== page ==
Do you remember your first two months of life? Of course, you probably remember absolutely nothing from that time, but in surprising ways your brain holds onto some “memories” from that crucial period. A newborn’s brain is developing constantly right after birth, in ways that researchers are still learning about. But it’s become clearer over decades of study that even in those days when a baby is just getting to know the world around them, they are forming associations with positive and negative experiences that may have effects throughout the rest of their lives.
How a Baby’s Brain Develops
Dr. Bruce D. Perry has been studying children’s mental health and psychology for more than 30 years and recently wrote a book (with Oprah Winfrey herself) called What Happened to You?: Conversations on Trauma, Resilience, and Healing about just how critical those early childhood years are in influencing who we grow up to be. As they explain it, our brains might be compared to a layer cake. All of the layers are interconnected, but everything we experience first goes through the brain stem, the “lizard” part of the brain that controls basic functions like temperature regulation. It also acts and feels in response to sensory inputs like sight, smell, and touch before “higher” levels of the brain–like the cortex—think and understand what sensory inputs might mean.
“The brain develops sequentially, from the bottom up and the inside out, from the basic functions of the brainstem to the complex achievements of the cortex,” Perry writes in What Happened to You?. “In a young child, the cortex is not yet fully developed… However, in lower areas of the brain, other neural networks are processing—and changing as a result of—our earliest experience.” And this is happening at an amazing speed. During pregnancy, a child develops up to 20,000 new neurons each second (an adult, in comparison, might develop 700 “on a good day”). So while a baby may not exactly be able to make sense of the world around them the way that we can, they are very sensitive to external senses like sights, sounds, and tone of voice, as well as internal sensory systems that tell them they’re thirsty or hungry, for example.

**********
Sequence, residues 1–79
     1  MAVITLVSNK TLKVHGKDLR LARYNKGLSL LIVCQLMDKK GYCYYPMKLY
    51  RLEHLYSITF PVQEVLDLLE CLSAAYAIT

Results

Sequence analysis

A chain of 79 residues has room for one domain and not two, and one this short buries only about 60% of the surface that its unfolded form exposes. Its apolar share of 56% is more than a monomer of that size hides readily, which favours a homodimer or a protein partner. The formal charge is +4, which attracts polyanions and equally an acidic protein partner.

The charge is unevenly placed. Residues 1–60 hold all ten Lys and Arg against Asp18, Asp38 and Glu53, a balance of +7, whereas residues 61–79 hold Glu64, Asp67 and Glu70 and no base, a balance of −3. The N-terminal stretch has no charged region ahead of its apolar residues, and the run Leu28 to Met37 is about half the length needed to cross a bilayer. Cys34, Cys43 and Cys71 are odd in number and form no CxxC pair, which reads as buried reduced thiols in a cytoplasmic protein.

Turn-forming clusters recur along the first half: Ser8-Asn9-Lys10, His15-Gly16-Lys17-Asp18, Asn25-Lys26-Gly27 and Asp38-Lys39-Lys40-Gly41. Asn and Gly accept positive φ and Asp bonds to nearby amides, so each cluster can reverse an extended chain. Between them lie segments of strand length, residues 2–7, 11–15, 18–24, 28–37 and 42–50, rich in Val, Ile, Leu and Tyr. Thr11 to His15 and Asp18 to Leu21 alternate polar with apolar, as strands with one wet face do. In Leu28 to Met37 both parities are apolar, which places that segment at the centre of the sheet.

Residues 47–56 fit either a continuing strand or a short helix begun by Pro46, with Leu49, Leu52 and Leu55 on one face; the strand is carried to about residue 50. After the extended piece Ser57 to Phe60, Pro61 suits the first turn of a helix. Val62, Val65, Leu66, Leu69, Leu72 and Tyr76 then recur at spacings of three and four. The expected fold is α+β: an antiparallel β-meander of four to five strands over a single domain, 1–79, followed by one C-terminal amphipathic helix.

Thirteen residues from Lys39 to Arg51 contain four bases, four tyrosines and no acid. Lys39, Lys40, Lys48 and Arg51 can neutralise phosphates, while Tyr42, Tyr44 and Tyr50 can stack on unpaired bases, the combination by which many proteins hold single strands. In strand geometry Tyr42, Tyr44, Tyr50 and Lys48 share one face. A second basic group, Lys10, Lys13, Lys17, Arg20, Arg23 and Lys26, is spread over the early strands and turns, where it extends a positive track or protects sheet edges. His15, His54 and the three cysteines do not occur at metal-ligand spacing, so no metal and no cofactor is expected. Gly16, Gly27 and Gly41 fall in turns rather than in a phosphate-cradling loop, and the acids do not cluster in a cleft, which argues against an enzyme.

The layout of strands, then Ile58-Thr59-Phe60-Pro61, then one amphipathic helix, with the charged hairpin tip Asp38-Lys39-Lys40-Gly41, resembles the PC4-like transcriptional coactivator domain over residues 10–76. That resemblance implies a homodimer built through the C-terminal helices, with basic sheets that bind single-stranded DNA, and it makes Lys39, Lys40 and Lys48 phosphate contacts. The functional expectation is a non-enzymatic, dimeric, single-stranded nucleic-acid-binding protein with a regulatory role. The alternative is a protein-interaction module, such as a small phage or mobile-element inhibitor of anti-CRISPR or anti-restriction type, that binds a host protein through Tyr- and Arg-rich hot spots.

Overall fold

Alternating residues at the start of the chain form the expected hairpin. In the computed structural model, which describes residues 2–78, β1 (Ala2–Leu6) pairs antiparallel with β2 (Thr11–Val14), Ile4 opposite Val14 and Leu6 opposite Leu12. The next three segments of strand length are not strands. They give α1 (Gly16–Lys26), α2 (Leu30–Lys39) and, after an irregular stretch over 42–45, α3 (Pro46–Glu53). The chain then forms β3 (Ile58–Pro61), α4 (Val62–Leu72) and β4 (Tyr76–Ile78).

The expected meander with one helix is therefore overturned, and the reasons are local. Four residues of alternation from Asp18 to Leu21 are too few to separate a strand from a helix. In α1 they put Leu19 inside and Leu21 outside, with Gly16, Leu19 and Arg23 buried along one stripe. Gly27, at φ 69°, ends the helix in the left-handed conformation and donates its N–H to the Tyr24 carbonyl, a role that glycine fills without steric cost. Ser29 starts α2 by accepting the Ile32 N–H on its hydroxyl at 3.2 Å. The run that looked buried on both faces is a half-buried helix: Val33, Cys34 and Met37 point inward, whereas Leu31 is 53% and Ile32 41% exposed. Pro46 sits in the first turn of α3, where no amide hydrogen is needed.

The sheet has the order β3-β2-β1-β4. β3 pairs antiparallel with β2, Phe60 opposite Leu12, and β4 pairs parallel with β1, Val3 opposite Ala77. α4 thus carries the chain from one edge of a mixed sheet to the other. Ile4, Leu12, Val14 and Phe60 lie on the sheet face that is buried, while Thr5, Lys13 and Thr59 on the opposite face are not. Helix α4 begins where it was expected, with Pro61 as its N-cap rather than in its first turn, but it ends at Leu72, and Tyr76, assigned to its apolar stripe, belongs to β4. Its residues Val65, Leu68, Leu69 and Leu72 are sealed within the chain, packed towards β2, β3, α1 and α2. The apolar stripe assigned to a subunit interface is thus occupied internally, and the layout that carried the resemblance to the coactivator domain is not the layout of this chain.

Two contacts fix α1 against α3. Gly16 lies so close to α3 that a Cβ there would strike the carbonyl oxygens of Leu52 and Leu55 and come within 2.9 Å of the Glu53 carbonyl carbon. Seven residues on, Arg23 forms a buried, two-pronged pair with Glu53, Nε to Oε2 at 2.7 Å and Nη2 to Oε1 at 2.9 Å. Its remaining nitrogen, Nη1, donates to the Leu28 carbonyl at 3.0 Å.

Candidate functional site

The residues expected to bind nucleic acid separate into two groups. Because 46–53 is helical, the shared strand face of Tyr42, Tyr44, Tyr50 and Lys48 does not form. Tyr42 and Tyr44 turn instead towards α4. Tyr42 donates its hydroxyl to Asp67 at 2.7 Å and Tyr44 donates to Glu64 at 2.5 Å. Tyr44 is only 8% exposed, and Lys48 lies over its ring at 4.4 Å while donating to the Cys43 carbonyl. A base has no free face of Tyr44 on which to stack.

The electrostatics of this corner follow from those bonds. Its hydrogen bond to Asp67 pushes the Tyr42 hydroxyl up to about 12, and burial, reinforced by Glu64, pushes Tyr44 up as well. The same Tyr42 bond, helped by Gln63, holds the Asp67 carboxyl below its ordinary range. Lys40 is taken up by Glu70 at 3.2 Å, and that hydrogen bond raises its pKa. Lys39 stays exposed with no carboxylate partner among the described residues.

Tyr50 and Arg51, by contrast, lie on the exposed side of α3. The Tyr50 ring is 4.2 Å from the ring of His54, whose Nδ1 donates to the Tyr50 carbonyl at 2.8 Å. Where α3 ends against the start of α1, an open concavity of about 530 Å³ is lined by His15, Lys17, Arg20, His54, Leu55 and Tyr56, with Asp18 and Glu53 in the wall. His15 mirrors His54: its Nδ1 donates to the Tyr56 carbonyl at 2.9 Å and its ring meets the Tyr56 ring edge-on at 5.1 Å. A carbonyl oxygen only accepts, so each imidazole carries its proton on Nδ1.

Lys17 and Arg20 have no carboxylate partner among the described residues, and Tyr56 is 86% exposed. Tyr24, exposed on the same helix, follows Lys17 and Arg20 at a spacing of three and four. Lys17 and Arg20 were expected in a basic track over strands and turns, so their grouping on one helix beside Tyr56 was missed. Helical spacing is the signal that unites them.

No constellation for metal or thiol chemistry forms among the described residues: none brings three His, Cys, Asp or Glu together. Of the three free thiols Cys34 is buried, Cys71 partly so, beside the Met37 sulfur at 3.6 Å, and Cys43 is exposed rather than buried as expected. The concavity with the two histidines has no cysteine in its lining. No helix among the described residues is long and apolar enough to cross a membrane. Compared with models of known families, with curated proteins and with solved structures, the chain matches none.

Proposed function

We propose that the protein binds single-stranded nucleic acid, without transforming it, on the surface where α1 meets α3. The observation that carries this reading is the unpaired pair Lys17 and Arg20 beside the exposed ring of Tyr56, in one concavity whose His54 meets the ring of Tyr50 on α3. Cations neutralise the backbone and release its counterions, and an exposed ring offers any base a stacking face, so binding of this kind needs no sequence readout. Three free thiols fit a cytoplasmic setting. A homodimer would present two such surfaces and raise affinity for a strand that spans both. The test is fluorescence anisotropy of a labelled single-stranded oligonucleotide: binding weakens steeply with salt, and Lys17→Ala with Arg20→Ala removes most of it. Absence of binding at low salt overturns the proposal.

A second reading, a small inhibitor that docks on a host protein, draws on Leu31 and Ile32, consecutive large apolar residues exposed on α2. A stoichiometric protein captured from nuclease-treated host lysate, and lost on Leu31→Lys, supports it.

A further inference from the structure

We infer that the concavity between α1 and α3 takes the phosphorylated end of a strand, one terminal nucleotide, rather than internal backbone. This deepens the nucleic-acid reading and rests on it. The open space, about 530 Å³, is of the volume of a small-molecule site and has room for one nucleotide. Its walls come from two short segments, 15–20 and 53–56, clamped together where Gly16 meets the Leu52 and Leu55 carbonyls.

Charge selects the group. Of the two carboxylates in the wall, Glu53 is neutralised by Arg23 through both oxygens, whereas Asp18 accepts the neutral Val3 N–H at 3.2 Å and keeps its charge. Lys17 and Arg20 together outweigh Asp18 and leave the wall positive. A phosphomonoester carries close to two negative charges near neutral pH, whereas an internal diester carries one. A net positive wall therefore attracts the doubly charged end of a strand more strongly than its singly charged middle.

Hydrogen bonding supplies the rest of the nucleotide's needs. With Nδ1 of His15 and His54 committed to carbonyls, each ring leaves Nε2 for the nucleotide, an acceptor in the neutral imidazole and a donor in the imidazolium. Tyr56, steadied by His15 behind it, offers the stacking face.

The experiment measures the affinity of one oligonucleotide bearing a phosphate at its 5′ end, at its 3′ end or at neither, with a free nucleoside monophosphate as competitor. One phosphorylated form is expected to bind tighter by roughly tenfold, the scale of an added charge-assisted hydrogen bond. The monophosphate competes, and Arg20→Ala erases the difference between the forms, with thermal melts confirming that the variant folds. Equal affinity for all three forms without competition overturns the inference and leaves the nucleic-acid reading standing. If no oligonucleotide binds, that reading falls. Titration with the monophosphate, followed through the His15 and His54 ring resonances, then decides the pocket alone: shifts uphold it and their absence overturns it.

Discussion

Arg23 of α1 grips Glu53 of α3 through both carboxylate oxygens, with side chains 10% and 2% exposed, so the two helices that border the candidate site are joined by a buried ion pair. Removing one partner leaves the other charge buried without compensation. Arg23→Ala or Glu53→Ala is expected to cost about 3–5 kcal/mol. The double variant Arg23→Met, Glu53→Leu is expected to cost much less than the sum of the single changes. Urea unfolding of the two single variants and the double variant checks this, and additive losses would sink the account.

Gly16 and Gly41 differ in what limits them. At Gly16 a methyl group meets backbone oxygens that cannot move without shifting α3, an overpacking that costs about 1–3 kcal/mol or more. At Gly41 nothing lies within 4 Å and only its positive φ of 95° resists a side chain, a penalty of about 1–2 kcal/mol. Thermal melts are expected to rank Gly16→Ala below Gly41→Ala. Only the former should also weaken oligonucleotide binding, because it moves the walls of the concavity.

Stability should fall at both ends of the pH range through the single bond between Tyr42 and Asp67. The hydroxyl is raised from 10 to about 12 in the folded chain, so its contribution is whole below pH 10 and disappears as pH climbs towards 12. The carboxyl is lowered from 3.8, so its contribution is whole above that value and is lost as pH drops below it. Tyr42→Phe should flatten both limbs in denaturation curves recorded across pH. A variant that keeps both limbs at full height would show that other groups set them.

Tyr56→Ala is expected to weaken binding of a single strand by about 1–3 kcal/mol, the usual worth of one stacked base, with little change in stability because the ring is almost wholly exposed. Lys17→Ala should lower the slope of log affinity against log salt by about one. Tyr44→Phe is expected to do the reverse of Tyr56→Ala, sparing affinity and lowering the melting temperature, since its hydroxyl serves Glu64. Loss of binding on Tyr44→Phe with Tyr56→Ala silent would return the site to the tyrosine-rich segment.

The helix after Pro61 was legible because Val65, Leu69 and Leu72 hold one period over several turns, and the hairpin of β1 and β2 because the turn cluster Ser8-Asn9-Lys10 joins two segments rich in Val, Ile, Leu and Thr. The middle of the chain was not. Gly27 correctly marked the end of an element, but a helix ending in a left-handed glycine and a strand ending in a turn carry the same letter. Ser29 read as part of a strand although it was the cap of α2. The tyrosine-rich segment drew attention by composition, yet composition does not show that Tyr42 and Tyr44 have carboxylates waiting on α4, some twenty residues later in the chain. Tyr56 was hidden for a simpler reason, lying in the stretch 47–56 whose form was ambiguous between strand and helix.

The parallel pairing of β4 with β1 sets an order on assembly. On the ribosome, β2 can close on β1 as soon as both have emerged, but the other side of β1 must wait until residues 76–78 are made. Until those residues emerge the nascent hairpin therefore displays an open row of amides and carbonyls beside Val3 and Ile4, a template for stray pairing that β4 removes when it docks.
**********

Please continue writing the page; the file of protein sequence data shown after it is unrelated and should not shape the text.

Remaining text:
How Negative Experiences Impact Babies
Dr. Perry’s work often focuses on the impacts of negative experiences and neglect in early childhood. His studies have found that these kinds of experiences can stick with a person even through adulthood. Very traumatic experiences like abuse or extreme neglect, he has written, can have serious impacts on a child’s social and emotional development. Remember how sensitive babies are to the sensory information around them: “Moment by moment in early life, our developing brain sorts and stores our personal experiences, making our personal ‘codebook’ that helps us interpret the world,” writes Perry. Being around conflict or other stressors can have powerful negative effects on that “worldview.” And that can be associated with long-term outcomes like increased risk of heart disease, mental health challenges, and substance abuse. Those who have adverse experiences, particularly in the first two months of life have worse outcomes even after moving to a healthier environment than kids who had a good two months of life. Trauma in the first years of life, as Oprah puts it in What Happened to You? “can have a deeper impact on your brain than when you actually do have the words to explain it.”
How Positive Experiences Impact Babies
There is a positive flip side to these heartbreaking studies, and it all starts with a term you have probably heard a lot about: attachment, or the development of healthy relationships and social/emotional development through bonding. Just as a lack of attention, support, and positive experiences early in life can have negative effects on a child’s development, having lots of quality bonding time with caregivers in the early months sets the stage for healthy development. Consistently interacting with and responding to an infant’s needs is critical. “There are critical periods during which bonding experiences must be present for the brain systems responsible for attachment to develop normally,” Perry writes. “These critical periods appear to be in the first year of life, and are related to the capacity of the infant and caregiver to develop a positive interactive relationship.”
How a Newborn Care Specialist Can Help
Newborn care specialists are amazing professionals to have on your team in the early months of a baby’s life, and not only because they can help parents learn the ins and outs of childcare and give them much-needed breaks. A great NCS works with parents to ensure that the little one’s needs are being met and they have plenty of quality time with their parents and an additional nurturing figure! With the support of an NCS, parents can learn even more about the best ways to bond with their child and ensure they’re addressing their needs properly, providing the most positive environment possible for their newborn during those exciting and important first few months.